To overlook the importance of competitor analysis is to make a major error of judgment; after all, how can you accurately measure your own performance if you have no idea about the competition? More importantly, how can you effectively differentiate yourself from your rivals, unless you have done in depth research? Most businesses would probably state with some conviction that they have a decent understanding of their competitors, but when quizzed as to how regularly they conduct formal competitor analysis, most would probably admit it is something they rarely do. Understandably, knowing where to start can be the biggest issue of all. This is why conducting in-depth competitor analysis and arming yourself with actionable insights can be as simple as answering a series of essential questions about your competitors.
Why is Competitor Analysis Important?
Competitor analysis is important extremely important for this reason: Your target audience is constantly comparing your performance to that of other businesses within your niche.
Whatever it is you do, it is highly unlikely that you are the only brand or business doing it. With competition in most business areas at an all-time high, customers (in B2B and B2B spaces alike) are quite literally spoilt for choice. If they can get a better deal elsewhere, that is exactly what they will do – loyalty is fleeting when there is such limitless freedom of choice. By conducting detailed competitor analysis, you effectively provide yourself with a blueprint for improvement; you will find out about their strengths and weaknesses in order to gain the competitive edge.
Competitor analysis also helps you identify new business opportunities, new audiences and new ways of delivering them. Whether your goal is to become the number-one brand in your field or simply close more sales to boost capital, in-depth competitor analysis is guaranteed to help you achieve your objectives.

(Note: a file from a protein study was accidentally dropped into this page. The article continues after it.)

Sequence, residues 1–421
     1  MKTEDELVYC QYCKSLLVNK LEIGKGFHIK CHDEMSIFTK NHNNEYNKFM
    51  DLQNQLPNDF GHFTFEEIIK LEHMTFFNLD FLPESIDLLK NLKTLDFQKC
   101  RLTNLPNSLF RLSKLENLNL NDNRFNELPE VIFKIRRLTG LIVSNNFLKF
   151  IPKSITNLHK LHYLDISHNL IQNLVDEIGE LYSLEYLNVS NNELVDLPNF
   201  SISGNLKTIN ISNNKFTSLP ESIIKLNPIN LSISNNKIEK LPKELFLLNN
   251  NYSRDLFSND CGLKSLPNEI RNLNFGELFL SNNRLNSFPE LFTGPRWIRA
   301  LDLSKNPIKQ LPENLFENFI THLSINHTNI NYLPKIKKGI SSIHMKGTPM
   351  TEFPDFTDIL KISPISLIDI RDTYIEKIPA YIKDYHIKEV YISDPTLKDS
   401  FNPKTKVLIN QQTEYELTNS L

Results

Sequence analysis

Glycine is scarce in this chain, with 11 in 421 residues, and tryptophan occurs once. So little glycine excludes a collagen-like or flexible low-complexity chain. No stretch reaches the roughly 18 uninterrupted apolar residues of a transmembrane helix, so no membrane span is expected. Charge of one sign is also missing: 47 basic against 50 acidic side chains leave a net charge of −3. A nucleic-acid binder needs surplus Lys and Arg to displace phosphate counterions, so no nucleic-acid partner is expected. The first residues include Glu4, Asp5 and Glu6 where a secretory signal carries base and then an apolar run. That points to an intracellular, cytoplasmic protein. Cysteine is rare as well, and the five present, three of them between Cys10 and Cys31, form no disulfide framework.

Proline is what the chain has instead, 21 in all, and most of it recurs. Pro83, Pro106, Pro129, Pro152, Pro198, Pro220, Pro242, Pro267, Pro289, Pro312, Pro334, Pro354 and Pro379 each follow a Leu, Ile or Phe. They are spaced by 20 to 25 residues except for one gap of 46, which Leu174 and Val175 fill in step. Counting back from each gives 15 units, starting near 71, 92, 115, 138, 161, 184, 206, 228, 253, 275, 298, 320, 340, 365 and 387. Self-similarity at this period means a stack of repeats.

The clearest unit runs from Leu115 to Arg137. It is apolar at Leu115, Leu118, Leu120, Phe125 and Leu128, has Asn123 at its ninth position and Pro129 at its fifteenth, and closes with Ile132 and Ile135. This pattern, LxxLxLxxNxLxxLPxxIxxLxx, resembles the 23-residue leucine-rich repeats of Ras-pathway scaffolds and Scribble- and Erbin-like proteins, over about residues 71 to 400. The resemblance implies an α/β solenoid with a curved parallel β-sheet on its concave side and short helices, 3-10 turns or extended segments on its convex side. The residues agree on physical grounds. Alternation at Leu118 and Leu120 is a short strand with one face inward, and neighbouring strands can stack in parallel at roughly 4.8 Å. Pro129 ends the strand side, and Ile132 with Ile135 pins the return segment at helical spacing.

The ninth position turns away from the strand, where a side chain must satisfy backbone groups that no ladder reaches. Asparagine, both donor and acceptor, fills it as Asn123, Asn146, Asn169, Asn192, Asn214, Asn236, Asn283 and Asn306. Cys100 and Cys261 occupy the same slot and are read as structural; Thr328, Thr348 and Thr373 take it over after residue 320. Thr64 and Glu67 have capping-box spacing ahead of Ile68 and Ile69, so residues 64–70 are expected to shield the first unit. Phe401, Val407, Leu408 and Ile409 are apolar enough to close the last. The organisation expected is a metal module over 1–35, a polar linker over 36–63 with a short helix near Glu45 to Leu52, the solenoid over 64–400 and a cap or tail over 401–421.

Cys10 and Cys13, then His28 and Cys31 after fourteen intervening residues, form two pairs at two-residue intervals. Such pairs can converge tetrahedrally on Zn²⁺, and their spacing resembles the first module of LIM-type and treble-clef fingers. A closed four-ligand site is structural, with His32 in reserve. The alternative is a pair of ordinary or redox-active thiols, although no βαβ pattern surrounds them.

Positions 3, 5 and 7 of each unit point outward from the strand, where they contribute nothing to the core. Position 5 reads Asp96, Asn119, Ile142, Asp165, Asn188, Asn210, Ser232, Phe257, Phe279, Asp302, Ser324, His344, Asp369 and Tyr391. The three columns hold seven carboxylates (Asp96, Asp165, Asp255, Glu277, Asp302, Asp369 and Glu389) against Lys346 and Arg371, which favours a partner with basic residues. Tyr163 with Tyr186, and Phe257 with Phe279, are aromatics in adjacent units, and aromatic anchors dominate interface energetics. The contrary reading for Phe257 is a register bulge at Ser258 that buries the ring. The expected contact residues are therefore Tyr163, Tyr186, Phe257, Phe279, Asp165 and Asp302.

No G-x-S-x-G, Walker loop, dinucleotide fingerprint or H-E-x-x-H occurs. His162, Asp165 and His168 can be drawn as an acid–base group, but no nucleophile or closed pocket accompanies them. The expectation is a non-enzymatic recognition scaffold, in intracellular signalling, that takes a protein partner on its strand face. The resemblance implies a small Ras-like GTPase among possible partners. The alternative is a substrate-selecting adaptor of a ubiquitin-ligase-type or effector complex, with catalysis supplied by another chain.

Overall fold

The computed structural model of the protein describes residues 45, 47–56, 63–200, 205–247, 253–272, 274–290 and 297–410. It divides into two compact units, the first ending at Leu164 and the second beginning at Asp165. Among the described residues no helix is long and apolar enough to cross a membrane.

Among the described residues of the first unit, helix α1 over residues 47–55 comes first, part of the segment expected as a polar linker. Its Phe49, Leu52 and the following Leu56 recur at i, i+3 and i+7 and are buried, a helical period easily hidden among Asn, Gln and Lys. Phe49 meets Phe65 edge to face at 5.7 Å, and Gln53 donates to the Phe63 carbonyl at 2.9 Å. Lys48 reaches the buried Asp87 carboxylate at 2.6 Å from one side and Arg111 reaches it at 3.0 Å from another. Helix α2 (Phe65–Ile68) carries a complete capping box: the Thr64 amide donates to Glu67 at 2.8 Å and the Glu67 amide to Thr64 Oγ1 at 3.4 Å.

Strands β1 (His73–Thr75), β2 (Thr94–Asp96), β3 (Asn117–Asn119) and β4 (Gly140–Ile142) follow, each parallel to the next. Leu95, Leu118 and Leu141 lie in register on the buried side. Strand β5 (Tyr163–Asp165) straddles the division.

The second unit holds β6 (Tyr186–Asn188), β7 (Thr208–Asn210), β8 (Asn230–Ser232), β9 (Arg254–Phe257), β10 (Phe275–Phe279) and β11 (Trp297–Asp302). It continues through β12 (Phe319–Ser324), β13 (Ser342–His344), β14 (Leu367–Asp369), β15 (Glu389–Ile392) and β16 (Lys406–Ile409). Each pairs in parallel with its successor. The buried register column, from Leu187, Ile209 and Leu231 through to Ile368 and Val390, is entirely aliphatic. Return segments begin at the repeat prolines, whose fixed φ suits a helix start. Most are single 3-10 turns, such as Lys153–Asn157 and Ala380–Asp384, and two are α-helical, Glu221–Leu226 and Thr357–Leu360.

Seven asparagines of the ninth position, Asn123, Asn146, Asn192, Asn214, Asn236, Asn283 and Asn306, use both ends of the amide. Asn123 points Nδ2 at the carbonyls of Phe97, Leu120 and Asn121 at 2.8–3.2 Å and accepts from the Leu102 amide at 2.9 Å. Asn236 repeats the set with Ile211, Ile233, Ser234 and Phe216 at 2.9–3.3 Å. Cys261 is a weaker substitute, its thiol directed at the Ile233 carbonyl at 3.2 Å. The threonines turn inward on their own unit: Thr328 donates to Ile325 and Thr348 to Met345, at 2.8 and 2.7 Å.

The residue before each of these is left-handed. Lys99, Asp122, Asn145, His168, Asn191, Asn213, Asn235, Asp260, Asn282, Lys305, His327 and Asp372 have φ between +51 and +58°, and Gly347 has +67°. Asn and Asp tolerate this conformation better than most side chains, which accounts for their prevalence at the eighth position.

Competitor Analysis Questions: A Complete Checklist
How much research is required to answer each of the questions outlined below will vary from one organization to the next. Nevertheless, all of the same essential questions apply, irrespective of who you are, what you do and the audience you target.
- What exact products and services does the competing company offer?
- Is their target audience similar or identical to yours?
- Do they operate within the same geographic location as your business?
- What level of experience and track record do they have in your niche?
- Is it a large company, a small business, a recognised household name etc.?
- Who would they consider to be their closest competitors?
- What have they outlined as their primary USP or value proposition?
- Perhaps most importantly, why are they successful?
Their Products and Services:
- How similar are their products and services to yours?
- Is the quality of their products superior or inferior to yours?
- Do they offer their products/or services at a lower or higher price?
- What is the main reason people choose their products?
- Do their products/services fulfill a need that yours does not?
Marketing and Advertising:
- Which are the brands primary marketing and advertising platforms?
- How are they using keywords and search terms to drive traffic?
- What is their reach and engagement level on social media?
- Do they have an established and active content marketing strategy?
- Where do they appear in the search page results listings?
- Are they (successfully) using any forms of paid advertising?
- What kind of personality and tone of voice have they established?
Customers and Loyalty:
- How focused is the company on repeat business and customer loyalty?
- Do they incentivise people to come back for repeat purchases?
- How engaged is the brand with its audience on social media?
- Do they actively encourage and respond to customer feedback?
- What kind of reputation do they have on Google Reviews, Trustpilot etc.?
- How easy is it to get in touch with their customer support team?
- What do they do to make their customers feel appreciated?
Website and User Experience:
- How simple or sophisticated is their website?
- Do they provide a streamlined user interface and navigation system?
- How quick and easy is it to complete the purchase process on their website?
- Which other brands and businesses are they affiliated with?
- How are they using outreach and backlinking to their advantage?
- To what extent do they a prioritise customer safety and security?
- What other resources (articles, downloads etc.) do they offer online?
Evaluation and Action…
- Once you have collected all of the information above, you should be in a position to view the whole thing from the customers perspective and identify actionable insights.
- Replicating what your competitors are doing defeats the objective of conducting a competitor analysis.
Your goal should be to identify where and how you can make improvements for the benefit of your customers, ultimately gaining an edge in doing so.
- The input of an experienced and independent third-party could prove invaluable.